The Downward Slope of the Aggregate Demand Curve The price level is one determinant of the quantity of money demanded. A higher price level increases the quantity of money demanded for any given interest rate. Higher money demand leads to a higher interest rate. The quantity of goods and services demanded falls.
Changes in the Money Supply The Fed can shift the aggregate demand curve when it changes monetary policy. An increase in the money supply shifts the money supply curve to the right. Without a change in the money demand curve, the interest rate falls. Falling interest rates increase the quantity of goods and services demanded.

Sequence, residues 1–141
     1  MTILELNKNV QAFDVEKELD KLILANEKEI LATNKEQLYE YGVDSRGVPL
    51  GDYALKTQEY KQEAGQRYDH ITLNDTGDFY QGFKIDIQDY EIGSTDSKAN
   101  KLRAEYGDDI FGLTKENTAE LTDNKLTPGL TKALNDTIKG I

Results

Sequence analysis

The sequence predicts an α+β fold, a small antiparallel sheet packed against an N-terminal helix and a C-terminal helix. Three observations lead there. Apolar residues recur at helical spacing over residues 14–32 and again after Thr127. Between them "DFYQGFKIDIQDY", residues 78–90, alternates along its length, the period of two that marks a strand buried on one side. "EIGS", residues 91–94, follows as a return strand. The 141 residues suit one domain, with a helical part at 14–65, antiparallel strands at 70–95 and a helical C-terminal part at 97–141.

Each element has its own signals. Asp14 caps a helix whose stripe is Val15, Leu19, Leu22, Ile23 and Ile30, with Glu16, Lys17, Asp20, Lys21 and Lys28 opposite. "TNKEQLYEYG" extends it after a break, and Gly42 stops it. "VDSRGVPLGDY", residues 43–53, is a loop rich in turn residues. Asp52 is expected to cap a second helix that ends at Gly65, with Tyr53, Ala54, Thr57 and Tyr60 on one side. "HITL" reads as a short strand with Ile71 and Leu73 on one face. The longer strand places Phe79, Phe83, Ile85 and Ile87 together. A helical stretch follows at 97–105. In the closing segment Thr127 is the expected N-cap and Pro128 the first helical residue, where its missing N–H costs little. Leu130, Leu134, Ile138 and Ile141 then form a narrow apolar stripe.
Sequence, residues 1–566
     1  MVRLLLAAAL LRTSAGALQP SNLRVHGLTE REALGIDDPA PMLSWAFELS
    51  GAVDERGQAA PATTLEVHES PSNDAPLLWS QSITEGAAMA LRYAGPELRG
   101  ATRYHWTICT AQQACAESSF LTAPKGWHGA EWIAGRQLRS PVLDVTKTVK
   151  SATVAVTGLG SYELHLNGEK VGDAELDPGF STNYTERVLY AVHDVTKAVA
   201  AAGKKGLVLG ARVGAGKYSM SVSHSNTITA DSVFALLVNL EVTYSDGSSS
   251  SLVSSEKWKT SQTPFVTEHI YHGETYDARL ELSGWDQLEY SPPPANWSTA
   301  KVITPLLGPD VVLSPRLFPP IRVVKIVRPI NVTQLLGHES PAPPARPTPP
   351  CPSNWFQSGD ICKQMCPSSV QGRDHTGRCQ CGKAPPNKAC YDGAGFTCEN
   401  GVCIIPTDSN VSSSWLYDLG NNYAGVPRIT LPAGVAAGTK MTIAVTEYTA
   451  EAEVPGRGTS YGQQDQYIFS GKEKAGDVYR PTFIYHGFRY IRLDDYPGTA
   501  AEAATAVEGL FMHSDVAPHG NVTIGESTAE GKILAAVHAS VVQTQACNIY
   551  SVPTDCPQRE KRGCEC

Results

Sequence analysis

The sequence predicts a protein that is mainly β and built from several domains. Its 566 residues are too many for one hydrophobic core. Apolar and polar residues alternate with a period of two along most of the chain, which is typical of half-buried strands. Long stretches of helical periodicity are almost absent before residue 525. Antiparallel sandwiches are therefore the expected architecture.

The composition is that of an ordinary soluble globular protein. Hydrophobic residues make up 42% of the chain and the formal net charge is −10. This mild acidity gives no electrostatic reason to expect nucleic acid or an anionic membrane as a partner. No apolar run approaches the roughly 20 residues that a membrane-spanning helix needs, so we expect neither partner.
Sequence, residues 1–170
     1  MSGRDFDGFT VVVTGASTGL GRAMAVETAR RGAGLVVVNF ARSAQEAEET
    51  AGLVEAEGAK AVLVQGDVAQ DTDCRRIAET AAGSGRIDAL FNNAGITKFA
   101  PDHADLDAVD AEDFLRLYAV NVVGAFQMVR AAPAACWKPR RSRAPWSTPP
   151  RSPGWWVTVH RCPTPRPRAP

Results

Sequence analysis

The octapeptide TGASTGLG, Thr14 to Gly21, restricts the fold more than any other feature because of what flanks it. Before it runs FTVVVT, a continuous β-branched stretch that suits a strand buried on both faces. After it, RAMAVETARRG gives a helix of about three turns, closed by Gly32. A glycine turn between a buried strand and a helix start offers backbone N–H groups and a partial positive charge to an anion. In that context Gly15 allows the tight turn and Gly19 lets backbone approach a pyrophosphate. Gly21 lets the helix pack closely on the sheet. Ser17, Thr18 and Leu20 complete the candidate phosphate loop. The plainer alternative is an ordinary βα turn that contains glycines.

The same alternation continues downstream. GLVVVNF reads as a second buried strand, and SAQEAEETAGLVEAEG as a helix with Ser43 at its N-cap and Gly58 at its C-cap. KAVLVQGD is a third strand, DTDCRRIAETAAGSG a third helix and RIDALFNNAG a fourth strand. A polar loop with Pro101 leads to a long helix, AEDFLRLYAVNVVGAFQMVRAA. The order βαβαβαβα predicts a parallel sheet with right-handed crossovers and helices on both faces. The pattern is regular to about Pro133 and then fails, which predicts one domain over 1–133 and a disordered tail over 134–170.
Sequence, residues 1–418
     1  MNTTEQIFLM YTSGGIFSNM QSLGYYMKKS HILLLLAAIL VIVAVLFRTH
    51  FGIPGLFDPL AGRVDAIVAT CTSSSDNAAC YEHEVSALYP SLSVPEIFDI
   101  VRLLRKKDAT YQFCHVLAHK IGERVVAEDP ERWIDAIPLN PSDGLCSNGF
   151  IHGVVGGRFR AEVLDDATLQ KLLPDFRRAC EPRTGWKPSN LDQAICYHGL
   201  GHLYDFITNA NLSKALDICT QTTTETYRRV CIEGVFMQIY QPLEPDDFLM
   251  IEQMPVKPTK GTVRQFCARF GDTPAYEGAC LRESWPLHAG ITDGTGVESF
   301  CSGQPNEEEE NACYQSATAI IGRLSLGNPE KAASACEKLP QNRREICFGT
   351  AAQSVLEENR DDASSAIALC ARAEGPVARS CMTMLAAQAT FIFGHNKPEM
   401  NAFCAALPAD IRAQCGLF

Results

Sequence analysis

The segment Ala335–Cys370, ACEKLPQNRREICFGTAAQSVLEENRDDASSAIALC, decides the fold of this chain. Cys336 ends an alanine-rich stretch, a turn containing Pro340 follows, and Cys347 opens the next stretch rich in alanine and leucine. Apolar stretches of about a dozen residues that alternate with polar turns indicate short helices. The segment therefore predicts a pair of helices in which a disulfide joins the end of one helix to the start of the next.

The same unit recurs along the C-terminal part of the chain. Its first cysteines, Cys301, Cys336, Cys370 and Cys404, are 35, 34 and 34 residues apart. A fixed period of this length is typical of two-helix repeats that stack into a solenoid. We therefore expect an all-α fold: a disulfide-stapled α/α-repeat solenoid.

Changes in the Money Supply When the Fed increases the money supply, it lowers the interest rate and increases the quantity of goods and services demanded at any given price level, shifting aggregate-demand to the right. When the Fed contracts the money supply, it raises the interest rate and reduces the quantity of goods and services demanded at any given price level, shifting aggregate-demand to the left.
A Formula for the Spending Multiplier The formula for the multiplier is: Multiplier = 1/(1 - MPC) An important number in this formula is the marginal propensity to consume (MPC). It is the fraction of extra income that a household consumes rather than saves.
The Crowding-Out Effect When the government increases its purchases by $20 billion, the aggregate demand for goods and services could rise by more or less than $20 billion, depending on whether the multiplier effect or the crowding-out effect is larger.